Rating: ★★★★☆ 

Blood, Bones & Butter: The Inadvertent Education of a Reluctant Chef, by Gabrielle Hamilton.  Random House (2011), 291 pages.

Hamilton has written a smart, funny book that stands out in the glutted chef/memoirist category in that she writes about her life—her childhood in rural New York, working on an MFA in fiction, her marriage and travels with her family to Italy—rather than just chapter after chapter about various restaurants. She does have her own restaurant in New York (Prune) but the chapters about it are mercifully brief and unlike many chef/authors, she does not focus on it in a way that sounds like one long advertisement for her restaurant.

Hamilton has a real talent for sarcasm and is at her best when ridiculing the hypocrisy and condescension of others. Her problem, however (and the reason for four stars rather than five), is that she seems to be unaware of her own tendency toward self-congratulation and smug superiority. Whether she is writing about cooking, other writers, opening a restaurant, being a mom, or even about being humble, she describes herself in terms that make it clear she is better at it than everyone else. This didn’t bother me for the first two thirds of her book—because she really is very funny and a very good writer—but there is a limit to even a smart, biting sense of humor if the author is always the most special person in the room and everyone else is an idiot.

Despite this drawback, Blood, Bones & Butter is a great read, obviously for anyone interested in an insider’s view of the restaurant life, but also for the the general memoir fan.

The reader reads aloud, with a sing-song up… then down… then down again cadence. My mood shifts from merely reluctant to derisive. It’s a tired reading style. I’m sick of it. It attaches more imortance to the words than the words themselves—as they’ve been arranged—could possibly sustain, and it gives poets and poetry a bad name….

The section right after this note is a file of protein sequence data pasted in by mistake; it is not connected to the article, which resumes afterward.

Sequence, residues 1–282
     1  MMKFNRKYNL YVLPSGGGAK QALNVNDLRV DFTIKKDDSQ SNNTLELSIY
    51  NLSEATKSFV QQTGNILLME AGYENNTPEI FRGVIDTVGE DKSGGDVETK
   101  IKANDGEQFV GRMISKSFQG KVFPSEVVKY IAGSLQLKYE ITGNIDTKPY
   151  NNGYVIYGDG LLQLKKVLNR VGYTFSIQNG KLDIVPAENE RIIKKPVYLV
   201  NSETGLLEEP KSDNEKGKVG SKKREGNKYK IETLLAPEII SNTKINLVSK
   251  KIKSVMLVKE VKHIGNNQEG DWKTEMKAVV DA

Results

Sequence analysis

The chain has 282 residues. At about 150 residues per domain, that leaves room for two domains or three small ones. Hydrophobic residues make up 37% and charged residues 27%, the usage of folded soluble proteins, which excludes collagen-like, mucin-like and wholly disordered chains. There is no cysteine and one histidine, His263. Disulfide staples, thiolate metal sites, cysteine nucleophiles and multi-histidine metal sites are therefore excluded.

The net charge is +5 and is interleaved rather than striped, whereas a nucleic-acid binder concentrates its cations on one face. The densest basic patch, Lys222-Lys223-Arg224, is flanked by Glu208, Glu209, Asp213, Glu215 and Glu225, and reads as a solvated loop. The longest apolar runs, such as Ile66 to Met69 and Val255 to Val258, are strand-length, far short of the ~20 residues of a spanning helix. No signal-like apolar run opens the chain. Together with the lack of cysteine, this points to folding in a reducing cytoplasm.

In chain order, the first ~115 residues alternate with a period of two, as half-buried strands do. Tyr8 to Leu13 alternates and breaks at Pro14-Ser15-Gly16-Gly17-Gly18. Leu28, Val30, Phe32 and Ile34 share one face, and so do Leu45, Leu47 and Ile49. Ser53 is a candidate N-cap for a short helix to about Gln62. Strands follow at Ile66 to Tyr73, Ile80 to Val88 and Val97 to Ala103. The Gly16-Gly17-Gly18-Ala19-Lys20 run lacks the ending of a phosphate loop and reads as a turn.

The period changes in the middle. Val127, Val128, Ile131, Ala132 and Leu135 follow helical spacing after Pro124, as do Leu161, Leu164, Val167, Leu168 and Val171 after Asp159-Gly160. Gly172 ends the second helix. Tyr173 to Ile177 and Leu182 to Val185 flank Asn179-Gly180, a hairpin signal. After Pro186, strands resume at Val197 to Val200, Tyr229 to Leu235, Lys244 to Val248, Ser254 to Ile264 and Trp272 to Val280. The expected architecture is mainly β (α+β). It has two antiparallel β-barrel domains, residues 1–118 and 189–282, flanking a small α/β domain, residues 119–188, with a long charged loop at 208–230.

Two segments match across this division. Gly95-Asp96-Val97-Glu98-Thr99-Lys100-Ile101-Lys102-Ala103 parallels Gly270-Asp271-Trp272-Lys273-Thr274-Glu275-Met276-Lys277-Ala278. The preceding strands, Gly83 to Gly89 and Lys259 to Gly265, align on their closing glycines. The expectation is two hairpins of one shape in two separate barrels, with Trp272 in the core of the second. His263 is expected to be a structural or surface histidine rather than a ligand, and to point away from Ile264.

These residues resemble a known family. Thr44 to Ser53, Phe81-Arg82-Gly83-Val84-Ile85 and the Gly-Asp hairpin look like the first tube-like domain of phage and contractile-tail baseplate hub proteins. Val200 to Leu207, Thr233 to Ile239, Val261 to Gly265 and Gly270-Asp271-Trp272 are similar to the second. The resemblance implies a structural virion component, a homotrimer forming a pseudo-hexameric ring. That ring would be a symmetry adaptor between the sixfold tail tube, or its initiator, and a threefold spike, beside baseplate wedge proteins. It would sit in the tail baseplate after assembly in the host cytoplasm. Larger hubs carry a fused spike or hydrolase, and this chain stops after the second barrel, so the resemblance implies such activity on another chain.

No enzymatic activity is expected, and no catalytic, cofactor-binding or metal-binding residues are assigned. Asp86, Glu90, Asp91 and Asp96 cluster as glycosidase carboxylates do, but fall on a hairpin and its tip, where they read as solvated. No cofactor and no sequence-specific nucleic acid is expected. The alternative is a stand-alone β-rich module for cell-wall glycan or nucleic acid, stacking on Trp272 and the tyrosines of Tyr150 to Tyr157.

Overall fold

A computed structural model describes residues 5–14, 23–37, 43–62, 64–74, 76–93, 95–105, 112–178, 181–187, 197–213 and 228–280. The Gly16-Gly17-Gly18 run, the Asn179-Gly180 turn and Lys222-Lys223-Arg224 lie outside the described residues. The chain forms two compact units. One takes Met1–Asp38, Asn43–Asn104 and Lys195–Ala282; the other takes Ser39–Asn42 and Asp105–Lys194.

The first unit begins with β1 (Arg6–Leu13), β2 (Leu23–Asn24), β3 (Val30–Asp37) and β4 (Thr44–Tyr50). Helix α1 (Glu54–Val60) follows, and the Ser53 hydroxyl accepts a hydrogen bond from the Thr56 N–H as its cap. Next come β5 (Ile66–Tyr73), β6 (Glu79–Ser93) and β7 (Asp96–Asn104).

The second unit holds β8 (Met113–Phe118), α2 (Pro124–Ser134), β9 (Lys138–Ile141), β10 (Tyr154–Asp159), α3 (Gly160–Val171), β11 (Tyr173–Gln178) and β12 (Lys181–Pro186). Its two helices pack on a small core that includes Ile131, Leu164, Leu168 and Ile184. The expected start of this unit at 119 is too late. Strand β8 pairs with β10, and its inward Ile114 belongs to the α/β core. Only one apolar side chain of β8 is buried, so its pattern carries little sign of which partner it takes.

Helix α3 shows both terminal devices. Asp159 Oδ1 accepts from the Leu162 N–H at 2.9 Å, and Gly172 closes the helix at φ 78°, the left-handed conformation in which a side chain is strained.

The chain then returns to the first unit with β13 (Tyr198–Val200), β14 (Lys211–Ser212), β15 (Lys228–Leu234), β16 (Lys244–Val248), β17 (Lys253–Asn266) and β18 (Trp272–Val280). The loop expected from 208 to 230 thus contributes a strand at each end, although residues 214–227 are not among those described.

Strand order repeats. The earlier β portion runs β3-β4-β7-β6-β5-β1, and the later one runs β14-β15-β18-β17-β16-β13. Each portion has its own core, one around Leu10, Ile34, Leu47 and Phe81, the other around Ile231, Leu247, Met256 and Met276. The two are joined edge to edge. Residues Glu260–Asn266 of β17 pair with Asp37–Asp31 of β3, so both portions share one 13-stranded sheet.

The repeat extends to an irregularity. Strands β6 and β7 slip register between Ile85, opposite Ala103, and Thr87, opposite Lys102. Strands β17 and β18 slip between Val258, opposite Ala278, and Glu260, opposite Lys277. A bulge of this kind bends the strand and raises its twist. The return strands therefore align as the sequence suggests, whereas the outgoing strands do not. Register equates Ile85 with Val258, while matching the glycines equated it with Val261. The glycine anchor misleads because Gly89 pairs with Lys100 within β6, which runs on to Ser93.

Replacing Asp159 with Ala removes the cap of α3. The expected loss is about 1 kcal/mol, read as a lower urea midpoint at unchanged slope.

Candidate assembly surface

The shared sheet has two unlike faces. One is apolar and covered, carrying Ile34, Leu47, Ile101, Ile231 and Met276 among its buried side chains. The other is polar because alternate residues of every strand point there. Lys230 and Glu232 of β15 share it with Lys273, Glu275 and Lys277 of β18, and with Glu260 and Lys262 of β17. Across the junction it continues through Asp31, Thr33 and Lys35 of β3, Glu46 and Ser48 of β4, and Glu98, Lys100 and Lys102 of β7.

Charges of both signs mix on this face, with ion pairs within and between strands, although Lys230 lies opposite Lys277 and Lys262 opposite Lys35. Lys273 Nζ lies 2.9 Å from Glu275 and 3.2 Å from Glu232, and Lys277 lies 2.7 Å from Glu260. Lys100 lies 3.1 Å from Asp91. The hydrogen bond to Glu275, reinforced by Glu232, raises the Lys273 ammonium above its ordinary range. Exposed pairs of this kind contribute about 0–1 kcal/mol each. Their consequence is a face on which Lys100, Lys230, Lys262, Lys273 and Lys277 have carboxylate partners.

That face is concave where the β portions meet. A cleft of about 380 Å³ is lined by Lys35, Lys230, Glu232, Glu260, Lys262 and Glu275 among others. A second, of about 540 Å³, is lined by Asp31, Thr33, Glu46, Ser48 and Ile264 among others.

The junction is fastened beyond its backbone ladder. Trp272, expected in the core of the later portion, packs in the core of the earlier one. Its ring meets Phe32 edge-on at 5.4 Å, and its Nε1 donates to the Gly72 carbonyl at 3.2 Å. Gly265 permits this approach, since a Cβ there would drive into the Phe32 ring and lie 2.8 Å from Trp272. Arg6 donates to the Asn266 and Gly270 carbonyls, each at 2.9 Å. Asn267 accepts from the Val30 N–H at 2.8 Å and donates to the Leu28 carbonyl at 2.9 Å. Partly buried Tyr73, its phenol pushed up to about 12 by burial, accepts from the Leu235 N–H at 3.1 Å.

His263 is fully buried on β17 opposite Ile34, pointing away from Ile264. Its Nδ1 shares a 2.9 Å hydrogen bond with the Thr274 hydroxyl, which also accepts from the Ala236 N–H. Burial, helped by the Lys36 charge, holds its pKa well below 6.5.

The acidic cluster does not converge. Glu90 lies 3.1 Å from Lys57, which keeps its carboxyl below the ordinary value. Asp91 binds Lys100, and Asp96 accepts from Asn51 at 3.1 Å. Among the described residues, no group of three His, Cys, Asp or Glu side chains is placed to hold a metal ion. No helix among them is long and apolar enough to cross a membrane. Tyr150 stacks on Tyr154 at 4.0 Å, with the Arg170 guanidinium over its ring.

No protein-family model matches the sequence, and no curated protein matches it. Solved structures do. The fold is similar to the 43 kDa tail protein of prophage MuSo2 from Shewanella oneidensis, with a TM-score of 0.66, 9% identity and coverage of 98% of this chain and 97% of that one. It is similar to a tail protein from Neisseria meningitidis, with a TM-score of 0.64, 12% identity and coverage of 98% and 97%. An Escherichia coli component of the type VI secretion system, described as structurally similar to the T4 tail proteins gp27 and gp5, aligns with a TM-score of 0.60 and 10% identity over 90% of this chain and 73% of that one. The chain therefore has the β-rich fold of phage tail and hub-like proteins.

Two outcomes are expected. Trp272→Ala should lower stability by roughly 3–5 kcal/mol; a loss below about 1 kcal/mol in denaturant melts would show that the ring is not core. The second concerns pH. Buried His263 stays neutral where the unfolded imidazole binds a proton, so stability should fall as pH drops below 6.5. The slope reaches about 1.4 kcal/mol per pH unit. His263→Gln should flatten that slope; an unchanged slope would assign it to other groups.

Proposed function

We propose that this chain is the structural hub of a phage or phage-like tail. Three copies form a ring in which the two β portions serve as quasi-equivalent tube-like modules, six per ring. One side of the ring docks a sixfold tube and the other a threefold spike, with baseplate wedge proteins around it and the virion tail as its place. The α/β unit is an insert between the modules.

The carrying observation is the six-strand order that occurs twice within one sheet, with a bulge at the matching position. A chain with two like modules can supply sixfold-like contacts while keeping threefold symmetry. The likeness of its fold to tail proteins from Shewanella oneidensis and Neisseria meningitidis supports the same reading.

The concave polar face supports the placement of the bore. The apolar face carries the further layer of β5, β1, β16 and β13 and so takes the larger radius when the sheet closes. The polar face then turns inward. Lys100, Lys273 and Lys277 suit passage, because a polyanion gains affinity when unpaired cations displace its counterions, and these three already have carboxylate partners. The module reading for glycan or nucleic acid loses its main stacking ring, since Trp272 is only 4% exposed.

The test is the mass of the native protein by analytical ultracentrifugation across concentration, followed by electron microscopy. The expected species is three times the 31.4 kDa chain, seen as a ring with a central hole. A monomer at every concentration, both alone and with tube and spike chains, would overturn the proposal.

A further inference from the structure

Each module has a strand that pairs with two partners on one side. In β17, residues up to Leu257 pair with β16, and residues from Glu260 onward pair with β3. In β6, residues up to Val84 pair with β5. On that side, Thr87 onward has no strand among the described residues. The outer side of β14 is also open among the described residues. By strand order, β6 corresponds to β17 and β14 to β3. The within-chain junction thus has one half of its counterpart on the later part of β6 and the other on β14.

Unbelievably, she’s reading from pages of pale green rice paper—they remind me of hundred-dollar bills—on which she has written by hand. We have computers, of course, in 1997. Her poem is not good but good-looking and well-dressed. She’s missed the point. She should be in bookbinder school. Blindfolded and spun around by her obsession with the handwritten word, the feel of paper, and the smell of ink, in this round of the game she’s pinned the tail far away from the donkey, right into the mantel. She still thinks that writing is about self-expression; I can just picture her, with a favorite callligraphy pen, sitting at her desk in front of the window where a spider plant hangs, a large table of expensive hand-wrought paper before her and a big bowl of milky sweet tea. And there in the weakening sunlight, she maps out a description of an old man’s hands—her own grandfather’s perhaps—with knuckles like like like…and ah, the metaphor comes, like pecans. Knuckles wrinkled and brown like toasted pecans.

She finishes reading and looks up at the room, smug and afraid simultaneously. We remain silent, some people’s eyes are closed though a couple of people sigh crisply, audibly, as if it say you have pierced my soul.